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Oracle Corp. on Monday reported a 15 percent surge in second-quarter profits, a gain it attributed in large part to something not seen in the industry for some time: namely, businesses spending money on software.

Oracle, of Redwood Shores, Calif., on Monday pegged net income for the quarter at $617 million. The company earned $0.12 per share during the second quarter, up from $0.10 last year. Software sales were up 13 percent, bringing in some $849 million, while revenues from licensing updates and product support were up 17 percent to $1,114 million.

CFO Jeff Henley said in a statement that the upbeat results point to an economic recovery. “We are extremely pleased with the strong performance we saw this quarter,” Henley said. “Solid execution in the field, a strengthening competitive position, and an improving economy contributed to results that were above expectations. The growth was also balanced. All major software product categories and geographic regions posted growth.”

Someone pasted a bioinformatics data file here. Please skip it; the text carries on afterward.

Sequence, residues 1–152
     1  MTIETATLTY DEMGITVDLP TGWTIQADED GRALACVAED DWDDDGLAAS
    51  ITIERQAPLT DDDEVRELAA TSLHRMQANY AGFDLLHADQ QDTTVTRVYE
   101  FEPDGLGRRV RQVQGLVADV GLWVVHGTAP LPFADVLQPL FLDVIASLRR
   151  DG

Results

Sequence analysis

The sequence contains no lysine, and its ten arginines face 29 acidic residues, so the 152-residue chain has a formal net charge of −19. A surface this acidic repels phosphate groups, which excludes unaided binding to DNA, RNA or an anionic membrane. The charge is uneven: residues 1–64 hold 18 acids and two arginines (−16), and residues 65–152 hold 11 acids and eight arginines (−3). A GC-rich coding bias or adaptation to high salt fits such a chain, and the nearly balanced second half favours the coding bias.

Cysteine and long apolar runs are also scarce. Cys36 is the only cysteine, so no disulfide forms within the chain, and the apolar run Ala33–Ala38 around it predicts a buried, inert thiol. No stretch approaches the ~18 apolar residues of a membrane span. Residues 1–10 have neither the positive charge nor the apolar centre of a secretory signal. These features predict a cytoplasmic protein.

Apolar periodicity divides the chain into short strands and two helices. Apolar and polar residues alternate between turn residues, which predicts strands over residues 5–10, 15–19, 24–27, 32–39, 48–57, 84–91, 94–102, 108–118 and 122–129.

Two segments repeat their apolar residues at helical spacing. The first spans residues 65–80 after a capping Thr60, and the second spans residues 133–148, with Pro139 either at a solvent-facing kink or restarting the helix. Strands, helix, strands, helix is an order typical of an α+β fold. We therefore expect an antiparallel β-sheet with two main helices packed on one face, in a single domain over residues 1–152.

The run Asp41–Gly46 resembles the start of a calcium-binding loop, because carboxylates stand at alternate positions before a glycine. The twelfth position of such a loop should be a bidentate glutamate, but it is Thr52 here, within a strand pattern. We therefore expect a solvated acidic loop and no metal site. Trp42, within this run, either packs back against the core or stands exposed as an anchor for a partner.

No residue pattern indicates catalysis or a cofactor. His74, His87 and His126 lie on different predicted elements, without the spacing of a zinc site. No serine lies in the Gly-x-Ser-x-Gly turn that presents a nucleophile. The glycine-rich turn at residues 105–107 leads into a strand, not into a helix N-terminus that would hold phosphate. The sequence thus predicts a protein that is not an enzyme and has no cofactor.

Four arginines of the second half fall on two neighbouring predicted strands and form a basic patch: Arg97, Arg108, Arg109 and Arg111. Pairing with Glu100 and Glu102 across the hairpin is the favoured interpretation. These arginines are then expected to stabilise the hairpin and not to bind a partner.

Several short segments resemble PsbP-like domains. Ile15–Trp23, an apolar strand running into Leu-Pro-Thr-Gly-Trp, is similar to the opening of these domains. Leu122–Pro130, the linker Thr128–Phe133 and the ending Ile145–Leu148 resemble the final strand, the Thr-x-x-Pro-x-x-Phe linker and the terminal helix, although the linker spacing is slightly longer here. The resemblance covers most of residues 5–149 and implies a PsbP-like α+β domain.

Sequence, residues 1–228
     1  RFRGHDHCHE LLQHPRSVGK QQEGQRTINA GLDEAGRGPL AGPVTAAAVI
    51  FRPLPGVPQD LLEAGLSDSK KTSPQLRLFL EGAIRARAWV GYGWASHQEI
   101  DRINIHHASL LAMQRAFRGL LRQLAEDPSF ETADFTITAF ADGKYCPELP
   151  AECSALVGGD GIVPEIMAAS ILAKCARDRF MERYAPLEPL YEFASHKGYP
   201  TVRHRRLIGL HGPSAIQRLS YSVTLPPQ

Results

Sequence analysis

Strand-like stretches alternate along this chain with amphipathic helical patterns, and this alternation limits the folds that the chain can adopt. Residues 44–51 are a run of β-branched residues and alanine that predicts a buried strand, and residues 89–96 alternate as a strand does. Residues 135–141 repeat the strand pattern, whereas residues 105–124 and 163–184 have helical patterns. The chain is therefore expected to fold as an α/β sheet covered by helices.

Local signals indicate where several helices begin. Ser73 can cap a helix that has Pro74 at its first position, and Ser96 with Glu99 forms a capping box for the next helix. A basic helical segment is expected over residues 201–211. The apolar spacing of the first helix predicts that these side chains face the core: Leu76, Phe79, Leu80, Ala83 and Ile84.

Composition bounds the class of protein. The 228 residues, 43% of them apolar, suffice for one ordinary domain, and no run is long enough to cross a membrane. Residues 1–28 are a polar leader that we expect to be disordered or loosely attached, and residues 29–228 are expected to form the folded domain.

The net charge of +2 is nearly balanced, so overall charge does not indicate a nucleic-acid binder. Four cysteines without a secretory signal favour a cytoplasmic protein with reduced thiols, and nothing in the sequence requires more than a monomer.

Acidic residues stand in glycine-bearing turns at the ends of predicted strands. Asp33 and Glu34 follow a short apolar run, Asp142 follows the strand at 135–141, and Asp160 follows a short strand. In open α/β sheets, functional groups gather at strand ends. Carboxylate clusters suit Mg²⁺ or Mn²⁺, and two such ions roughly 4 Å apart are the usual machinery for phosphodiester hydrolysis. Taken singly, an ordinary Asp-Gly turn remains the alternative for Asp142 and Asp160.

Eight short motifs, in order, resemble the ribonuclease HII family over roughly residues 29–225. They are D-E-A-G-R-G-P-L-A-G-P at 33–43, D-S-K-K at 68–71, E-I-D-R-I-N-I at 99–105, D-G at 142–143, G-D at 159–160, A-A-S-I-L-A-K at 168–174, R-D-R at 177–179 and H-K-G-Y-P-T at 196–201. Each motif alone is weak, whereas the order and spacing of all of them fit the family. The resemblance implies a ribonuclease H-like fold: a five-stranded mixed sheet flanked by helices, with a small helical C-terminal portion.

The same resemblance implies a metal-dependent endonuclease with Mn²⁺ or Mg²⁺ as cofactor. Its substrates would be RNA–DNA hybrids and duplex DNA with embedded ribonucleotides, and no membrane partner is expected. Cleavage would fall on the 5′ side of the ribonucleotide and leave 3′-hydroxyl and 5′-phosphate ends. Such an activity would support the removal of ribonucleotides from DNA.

Oracle didn’t miss the opportunity to get a dig in to PeopleSoft, which Oracle has been aggressively courting for months. “Our applications growth of 27 percent exceeded the growth rates of many of our competitors, including SAP, PeopleSoft, Lawson, and Siebel, in their most recently reported quarters,” said CEO Larry Ellison in a statement. “For example, new license sales at the combined PeopleSoft and JD Edwards company declined 18 percent as compared to their results when they were operating as separate companies,” he said. “But the very fastest growing part of our applications business is outsourcing, which increased 82 percent in the quarter.”

Ellison went on to pump up the volume on Oracle 10g, the company’s forthcoming grid-computing platform. “Our database technology business depends on our ability to innovate,” he said in the statement. “In the next few weeks we will complete delivery of Oracle 10g, the first databse and application server designed to run on a grid of low-cost computers. Grid technology improves performance and reliability while dramatically lowering the cost of computing infrastructure. That’s the kind of innovation that customers find compelling.